Mark Cuban gives a 17-year-old who pitched him on 'Shark Tank' his top advice for getting ahead

Self-made billionaire Mark Cuban
Fort Worth Star-Telegram | Getty Images

Seventeen-year-old Ehan Kamat went on ABC's "Shark Tank" hoping for an investment in his company. Instead, he walked away with something that could be more valuable — life advice from billionaire Mark Cuban.

In his pitch on Sunday for Solemender, which sells freeze-able rollers meant to relieve foot pain, Kamat explained to the sharks that although he is young, (he was heading into his senior year of high school at the time the show taped) he is dedicated to the business. In fact, he says he's willing to forgo college in order to work on the company.

That plan didn't sit well with Cuban.

"That is a bad idea," Cuban says. His advice instead? "Learn, learn, learn. The greatest competitive advantage is knowledge."

Cuban argued it is crucial to go to school and learn how to run the business.

"Learning accounting, learning finance, learning marketing, the more you can pull together, the quicker you can make decisions, the more competitive you can be, the greater advantage," he explains. "You can run this off the net, and you're smart enough to hire somebody to go to all of the doctors' offices and grow it from there."

Kamat initially created his product to help his mom soothe her foot aches. "I hated seeing her in pain so I figured, there has got to be a way to help her out," he explains on the show.

In designing the product, he got help from his dad who is an internal medicine physician, and his mom who practices rheumatology. Kamat came on "Shark Tank" seeking $75,000 for a 10 percent stake in the business. So far, Solemender has about $25,000 in sales in just under a year, and the product sells for $39.99.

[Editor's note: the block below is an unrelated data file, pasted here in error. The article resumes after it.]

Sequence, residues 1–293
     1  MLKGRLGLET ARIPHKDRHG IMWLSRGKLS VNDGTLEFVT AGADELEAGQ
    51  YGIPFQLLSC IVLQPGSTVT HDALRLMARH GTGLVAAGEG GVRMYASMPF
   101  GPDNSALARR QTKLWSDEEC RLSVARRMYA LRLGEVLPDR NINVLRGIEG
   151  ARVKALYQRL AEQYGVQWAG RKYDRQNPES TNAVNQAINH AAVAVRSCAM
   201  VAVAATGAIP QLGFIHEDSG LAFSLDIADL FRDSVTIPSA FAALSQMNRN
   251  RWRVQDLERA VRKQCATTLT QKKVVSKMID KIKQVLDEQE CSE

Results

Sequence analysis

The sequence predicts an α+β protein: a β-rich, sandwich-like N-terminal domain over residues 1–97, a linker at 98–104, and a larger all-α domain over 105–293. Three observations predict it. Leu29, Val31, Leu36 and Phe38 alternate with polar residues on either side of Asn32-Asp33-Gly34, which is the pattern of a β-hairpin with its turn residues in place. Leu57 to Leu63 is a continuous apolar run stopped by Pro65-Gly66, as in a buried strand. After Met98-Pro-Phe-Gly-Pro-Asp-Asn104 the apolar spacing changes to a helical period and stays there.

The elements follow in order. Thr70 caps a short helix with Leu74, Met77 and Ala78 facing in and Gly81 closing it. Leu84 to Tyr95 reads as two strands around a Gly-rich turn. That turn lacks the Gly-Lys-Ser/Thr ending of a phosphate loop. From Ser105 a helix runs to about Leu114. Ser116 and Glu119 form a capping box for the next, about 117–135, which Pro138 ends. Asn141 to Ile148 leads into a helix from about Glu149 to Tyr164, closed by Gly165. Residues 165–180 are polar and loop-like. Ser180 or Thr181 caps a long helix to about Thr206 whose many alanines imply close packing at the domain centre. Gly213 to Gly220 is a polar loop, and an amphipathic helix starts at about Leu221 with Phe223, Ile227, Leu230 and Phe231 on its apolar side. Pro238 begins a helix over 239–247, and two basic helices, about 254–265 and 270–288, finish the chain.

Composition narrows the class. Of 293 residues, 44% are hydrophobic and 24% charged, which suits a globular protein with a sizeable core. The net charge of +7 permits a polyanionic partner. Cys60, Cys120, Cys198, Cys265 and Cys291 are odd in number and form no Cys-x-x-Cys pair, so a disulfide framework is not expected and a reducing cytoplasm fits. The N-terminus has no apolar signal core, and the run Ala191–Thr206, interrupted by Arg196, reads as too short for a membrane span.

While none of the sharks made an offer, the teenager's hustle impressed Cuban.

"You remind me a lot of me," Cuban says. "My earliest memories are re-packaging baseball cards and selling them. You have that same type of drive. But, I would be devastated if you didn't go to college."


Cuban suggested continuing to follow in his footsteps and pursue business experiences along with education.

"You can do this out of your dorm room, that is what I did," he continues. "As I learned things in college, I applied them to different business ideas, and I got better and smarter and created better advantages for myself."

For guest judge Alex Rodriguez, Cuban's advice was the right call.

"We used to say the only way out of the hood is to hit home runs, or get an education," Rodriguez says. He also declined to invest, and instead promoted heading to school. "I really feel that you should be going to college, that is exactly what I would tell my two daughters," he explains.

But, Rodriguez did make Kamat an offer: "I'll give you my card, when you get out of college, please come and let me know what is next."


Don't miss: Why all 5 'Shark Tank' investors were fighting over this Gronkowski brother's shaker bottle

Like this story? Like CNBC Make It on Facebook!

Disclaimer: CNBC owns the exclusive off-network cable rights to "Shark Tank."

This multimillion-dollar business started as a way to help the founders' sick son